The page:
Twala turned and motioned to his son, who advanced with his spear lifted.
"Now's your time," whispered Sir Henry to me; "what are you waiting for?"
"I am waiting for the eclipse," I answered; "I have had my eye on the sun for the last half-hour, and I never saw it look healthier."
"Well, you must risk it now or the girl will be killed. Twala is losing patience."
Recognizing the force of the argument, having cast one more despairing look at the bright face of the sun, for never did the most ardent astronomer with a theory to prove await a celestial event with such anxiety, I stepped, with all the dignity I could command, between the prostrate girl and the advancing spear of Scragga.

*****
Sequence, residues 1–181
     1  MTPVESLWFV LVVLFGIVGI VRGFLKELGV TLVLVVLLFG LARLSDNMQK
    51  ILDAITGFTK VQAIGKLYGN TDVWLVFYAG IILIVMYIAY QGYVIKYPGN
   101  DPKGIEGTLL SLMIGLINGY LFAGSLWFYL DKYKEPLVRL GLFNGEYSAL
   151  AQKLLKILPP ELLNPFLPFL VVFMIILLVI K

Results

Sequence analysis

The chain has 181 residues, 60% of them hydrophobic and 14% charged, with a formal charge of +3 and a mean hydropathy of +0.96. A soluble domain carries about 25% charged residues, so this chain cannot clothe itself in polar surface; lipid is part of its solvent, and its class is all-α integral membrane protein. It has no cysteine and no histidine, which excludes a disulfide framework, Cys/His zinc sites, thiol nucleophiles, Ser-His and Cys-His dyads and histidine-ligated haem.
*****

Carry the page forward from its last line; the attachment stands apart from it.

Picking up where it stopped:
"King," I said; "this shall not be; we will not tolerate such a thing; let the girl go in safety."
Twala rose from his seat in his wrath and astonishment, and from the chiefs and serried ranks of girls, who had slowly closed in upon us in anticipation of the tragedy, came a murmur of amazement.
"Shall not be, thou white dog, who yaps at the lion in his cave; shall not be! Art thou mad? Be careful lest this chicken's fate overtake thee and those with thee. How canst thou prevent it? Who art thou, that thou standest between me and my will? Withdraw, I say. Scragga, kill her. Ho, guards! seize these men."